For more information, see definitions of universal access and universal design and the relationships between all three concepts.
Pioneers in the field of universal usability include Gregg Vanderheiden (Trace Center, University of Wisconsin – Madison, USA), Constantine Stephanidis ("User interfaces for all", ERCIM), Alan Newell (University of Dundee, Scotland), Vicky Hanson (T.J. Watson Research Center, IBM, USA), Ben Shneiderman ("Universal usability", University of Maryland, USA), and Jonathan Lazar (editor of the book Universal Usability; Townson University, USA).
Shneiderman conceived universal usability as a research agenda. His focus on research may be the reason, why the recently published anthology Universal Usability (2007; edited by Jonathan Lazar; see review), mostly takes an academic approach when presenting recent results from the field. In my opinion, universal usability deserves a much broader audience than solely the research community. Designers and also practitioners should be familiar with this topic and its implications.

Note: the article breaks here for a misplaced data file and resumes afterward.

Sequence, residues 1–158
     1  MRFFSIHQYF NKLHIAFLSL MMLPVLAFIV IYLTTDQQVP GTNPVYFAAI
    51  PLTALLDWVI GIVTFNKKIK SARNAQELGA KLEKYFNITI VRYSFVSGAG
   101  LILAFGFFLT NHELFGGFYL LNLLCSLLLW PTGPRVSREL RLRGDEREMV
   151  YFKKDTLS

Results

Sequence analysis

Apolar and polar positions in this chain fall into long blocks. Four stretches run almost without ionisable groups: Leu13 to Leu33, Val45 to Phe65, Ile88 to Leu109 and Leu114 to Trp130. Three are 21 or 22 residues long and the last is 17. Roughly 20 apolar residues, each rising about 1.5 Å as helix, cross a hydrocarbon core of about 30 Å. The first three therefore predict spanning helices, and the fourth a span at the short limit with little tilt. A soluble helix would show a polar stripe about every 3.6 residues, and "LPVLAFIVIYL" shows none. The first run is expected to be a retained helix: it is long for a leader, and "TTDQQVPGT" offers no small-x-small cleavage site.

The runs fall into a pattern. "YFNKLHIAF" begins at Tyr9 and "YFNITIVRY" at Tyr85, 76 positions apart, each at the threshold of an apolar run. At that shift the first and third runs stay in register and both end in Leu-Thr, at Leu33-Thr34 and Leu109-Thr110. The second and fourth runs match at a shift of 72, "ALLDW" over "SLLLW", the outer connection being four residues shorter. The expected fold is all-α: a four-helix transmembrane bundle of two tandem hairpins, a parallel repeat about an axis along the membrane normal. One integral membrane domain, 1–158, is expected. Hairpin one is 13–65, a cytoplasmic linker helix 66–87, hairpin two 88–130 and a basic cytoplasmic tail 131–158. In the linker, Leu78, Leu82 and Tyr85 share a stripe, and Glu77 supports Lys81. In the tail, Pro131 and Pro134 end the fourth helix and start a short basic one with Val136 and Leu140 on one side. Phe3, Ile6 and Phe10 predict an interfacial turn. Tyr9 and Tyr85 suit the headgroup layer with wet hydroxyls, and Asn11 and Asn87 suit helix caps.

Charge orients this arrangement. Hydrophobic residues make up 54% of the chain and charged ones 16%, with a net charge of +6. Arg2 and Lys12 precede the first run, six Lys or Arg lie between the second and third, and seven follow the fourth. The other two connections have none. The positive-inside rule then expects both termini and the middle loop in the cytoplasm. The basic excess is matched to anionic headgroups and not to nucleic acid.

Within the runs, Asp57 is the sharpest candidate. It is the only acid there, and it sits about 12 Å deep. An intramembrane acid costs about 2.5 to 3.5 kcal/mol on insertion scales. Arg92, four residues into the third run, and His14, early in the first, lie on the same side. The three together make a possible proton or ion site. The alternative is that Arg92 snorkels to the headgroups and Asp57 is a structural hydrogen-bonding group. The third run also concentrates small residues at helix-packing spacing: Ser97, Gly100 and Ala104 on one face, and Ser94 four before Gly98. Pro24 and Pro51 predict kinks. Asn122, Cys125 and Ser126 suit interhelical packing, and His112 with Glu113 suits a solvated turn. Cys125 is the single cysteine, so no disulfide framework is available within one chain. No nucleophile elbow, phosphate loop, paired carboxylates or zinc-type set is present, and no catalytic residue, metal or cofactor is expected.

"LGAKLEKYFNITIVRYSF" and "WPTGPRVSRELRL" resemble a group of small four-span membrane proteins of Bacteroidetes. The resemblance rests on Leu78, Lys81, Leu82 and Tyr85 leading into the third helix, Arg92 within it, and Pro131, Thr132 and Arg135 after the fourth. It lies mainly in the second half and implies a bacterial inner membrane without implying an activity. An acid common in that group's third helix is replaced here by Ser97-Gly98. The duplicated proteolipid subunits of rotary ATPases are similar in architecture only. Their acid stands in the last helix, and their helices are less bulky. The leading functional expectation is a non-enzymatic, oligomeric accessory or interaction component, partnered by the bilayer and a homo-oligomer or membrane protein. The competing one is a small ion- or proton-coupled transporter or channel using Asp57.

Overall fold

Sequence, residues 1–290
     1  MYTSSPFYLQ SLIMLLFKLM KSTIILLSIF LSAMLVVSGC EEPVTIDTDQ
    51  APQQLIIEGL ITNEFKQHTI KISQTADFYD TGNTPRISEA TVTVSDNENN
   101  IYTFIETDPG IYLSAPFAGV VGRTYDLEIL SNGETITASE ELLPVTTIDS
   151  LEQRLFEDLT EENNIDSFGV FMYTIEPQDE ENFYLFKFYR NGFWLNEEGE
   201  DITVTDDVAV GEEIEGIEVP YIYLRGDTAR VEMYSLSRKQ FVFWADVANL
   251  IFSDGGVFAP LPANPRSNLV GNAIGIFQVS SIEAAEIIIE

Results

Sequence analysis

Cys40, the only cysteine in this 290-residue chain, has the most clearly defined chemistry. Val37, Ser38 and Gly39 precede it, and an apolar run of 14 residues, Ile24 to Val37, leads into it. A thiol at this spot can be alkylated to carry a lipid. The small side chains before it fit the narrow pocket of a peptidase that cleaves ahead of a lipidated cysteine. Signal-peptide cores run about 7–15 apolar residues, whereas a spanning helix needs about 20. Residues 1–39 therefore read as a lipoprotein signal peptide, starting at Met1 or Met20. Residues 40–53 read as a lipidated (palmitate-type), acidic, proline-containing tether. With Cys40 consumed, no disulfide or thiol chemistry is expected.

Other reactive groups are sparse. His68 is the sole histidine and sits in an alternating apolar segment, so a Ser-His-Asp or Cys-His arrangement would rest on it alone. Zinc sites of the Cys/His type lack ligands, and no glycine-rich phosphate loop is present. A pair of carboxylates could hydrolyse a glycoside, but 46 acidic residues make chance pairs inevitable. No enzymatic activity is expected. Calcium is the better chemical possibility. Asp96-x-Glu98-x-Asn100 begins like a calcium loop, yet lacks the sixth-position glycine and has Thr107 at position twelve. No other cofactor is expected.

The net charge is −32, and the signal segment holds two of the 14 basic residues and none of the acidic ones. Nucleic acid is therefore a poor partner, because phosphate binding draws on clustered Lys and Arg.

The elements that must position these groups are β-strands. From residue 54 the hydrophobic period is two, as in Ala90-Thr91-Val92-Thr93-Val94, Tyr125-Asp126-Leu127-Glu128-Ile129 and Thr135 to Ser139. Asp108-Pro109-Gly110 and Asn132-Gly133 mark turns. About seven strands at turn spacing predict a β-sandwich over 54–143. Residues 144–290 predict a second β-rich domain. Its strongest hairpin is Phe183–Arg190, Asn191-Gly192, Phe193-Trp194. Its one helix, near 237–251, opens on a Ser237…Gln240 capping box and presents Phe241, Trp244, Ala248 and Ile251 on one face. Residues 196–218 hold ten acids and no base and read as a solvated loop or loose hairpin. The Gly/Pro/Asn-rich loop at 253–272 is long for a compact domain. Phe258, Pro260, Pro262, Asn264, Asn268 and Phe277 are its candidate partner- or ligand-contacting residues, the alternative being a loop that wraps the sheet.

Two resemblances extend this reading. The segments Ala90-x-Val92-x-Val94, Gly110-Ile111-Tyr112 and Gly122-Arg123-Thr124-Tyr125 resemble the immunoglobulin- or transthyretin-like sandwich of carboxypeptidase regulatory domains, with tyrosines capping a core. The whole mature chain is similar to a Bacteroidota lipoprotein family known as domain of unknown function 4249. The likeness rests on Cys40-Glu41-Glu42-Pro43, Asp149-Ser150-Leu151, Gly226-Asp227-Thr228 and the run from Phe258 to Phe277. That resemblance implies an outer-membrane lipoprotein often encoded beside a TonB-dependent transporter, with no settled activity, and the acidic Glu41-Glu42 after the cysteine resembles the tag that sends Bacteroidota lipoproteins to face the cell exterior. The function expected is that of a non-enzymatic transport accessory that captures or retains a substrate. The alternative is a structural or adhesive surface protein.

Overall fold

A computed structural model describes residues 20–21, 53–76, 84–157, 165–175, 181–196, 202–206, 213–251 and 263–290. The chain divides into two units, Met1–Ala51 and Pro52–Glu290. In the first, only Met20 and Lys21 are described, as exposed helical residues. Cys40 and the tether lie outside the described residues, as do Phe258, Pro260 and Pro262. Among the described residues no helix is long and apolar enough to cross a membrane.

Below, I will illustrate what Shneiderman's three challenges mean in practice using real-world examples.
Supporting a broad range of hardware, software, and network access means to support:
Accommodating individual differences among users means to support users who differ with respect to:
In real life, these criteria can usually be found in combination. For example, pre-school children are young (age), cannot read (literacy), and also have lower motor skills than older children and adults (a kind of "disability"). As another example, members of under-privileged groups typically have deficiencies in literacy, computer literacy, and education and also have a low income.
Coarse categories for classifying these differences might be: